In order to provide safe and secure drinking water for its citizens, the nation must improve the sustainability and energy efficiency of its water distribution systems from sources to end users. Energy efficiency is an important but often overlooked consideration. At present, the nation’s water distribution infrastructure consumes approximately 5 percent of total electricity use. The development of non-fossil fuel energy sources to work water distribution systems cannot only contribute to a more secure water supply, but can also contribute to the nation’s energy security. Coupling microbial activity during wastewater treatment to electricity generation provides one example for increasing energy efficiency.

Researchers, supported by the NSF and the USDA, have made great strides in advancing the technology of microbial fuel cells to benefit wastewater treatment plants. Microbial fuel cells work through the action of bacteria, which can produce electricity in fuel cells. In the process, the bacteria consume organic matter in the wastewater and improve water quality. This approach uses the bacteria that naturally occur in wastewater, requiring no special bacterial strains or unusual environmental demands. The benefit of microbial fuel cell applications is that while they generate electricity, they purify wastewater, a goal of wastewater treatment facilities that usually requires the consumption of energy.

The ASM urges Congress to support a collaborative relationship between the EPA, DOE, NSF, and USDA to explore energy production from waste treatment, and to develop mechanisms for improving energy efficiency in water distribution.

Climate Change

Climate change affects all of earth’s life, including microbes that often dominate the living mass of many ecosystems. Extreme temperatures can lead directly to loss of life, while climate-related disturbances in ecological systems, such as changes in the range of infective parasites, can indirectly affect the incidence of serious infectious diseases. In addition, warm temperatures can increase air and water pollution, which in turn harm human health. The impact of these changes on microbial activities is often unpredictable, but microbes play major roles in water quality, environmental integrity and human health, it is essential that the EPA retain and expand its ability to support research on climate change and subsequent impact on both beneficial and pathogenic microorganisms.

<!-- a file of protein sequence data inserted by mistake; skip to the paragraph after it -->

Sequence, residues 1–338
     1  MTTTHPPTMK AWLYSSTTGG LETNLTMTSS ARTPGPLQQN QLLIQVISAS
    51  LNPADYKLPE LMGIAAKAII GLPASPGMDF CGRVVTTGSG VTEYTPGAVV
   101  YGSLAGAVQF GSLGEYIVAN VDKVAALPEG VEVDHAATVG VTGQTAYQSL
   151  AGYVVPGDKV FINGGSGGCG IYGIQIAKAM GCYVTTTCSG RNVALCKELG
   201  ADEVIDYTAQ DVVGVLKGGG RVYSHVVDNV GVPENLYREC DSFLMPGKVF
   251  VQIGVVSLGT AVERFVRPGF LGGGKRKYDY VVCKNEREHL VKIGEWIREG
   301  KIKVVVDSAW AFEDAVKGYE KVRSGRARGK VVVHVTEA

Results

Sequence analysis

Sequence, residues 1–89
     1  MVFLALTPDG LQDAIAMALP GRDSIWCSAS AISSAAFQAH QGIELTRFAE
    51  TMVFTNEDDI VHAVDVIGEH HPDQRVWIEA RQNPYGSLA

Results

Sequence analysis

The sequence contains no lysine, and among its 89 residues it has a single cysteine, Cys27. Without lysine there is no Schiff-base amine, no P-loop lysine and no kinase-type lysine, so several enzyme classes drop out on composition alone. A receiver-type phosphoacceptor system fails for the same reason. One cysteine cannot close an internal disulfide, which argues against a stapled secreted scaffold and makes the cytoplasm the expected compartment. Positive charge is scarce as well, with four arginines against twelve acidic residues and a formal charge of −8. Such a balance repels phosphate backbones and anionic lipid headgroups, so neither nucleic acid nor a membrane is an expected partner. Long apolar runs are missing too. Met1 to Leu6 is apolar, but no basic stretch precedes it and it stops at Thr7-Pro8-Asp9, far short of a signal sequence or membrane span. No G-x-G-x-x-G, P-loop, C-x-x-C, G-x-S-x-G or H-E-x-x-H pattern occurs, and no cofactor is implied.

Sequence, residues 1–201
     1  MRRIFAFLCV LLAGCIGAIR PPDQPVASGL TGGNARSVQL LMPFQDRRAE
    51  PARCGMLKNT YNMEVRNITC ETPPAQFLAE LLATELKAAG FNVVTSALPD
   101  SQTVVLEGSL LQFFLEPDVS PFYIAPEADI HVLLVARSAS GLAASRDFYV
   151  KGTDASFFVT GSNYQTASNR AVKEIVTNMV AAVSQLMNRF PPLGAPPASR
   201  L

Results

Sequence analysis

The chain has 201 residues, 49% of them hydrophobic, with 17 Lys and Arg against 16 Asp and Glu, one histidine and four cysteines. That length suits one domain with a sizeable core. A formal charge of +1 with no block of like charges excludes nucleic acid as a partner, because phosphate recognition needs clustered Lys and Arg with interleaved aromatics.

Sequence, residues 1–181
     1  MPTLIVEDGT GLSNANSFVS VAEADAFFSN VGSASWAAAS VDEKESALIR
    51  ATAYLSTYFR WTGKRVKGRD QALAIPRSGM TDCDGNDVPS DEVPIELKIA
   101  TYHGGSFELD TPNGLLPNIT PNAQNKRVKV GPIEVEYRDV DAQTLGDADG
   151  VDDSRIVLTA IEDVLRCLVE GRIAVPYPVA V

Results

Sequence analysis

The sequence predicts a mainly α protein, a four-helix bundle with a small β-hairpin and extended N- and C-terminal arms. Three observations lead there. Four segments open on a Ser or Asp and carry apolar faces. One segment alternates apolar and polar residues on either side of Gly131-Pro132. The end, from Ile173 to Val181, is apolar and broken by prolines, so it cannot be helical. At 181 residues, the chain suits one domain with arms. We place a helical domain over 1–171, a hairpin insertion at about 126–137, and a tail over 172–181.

The ASM is concerned with the proposed 15 percent cut to the Global Change research program at ORD because it is clear that certain diseases and pathogens are sensitive to climate changes. The Intergovernmental Panel on Climate Change released a report in 2007 that noted that the global population at risk from vector-borne malaria would increase by between 220 million and 400 million in the next century. Other “vector-borne" diseases, such as dengue fever, yellow fever, and encephalitis, carried by mosquitoes and other insects serving as biological reservoirs and vectors are also projected to spread into new areas due to global warming. While most of the increase is predicted to occur in Africa, some increased risk is projected in Britain, Australia, India, and Portugal. Climate change may increase the risk of other infectious diseases, particularly those diseases that appear in warm areas and are spread by pathogens having a water habitat. Warming of US costal waters in recent years has caused shellfish-borne outbreaks of gastroenteritis caused by the aquatic bacterium Vibrio parahaemolyticus to become an increased risk to humans by consuming these infected shellfish. In addition, algal blooms could occur more frequently as temperatures warm, particularly in areas with polluted waters, potentially causing diseases such as cholera that tend to accompany algal blooms to become more frequent.

Conclusion

Sound science is necessary for the protection of human health and the environment. The ORD is an integral component for conducting research needed to answer many of the challenges we face, such as climate change, renewable energy, and clean and safe water. The ASM urges Congress to provide at least $595 million for the ORD and $102 million for the STAR program in FY 2009.

The ASM appreciates the opportunity to provide written testimony and would be pleased to assist the Subcommittee as it considers the FY 2009 appropriation for the EPA.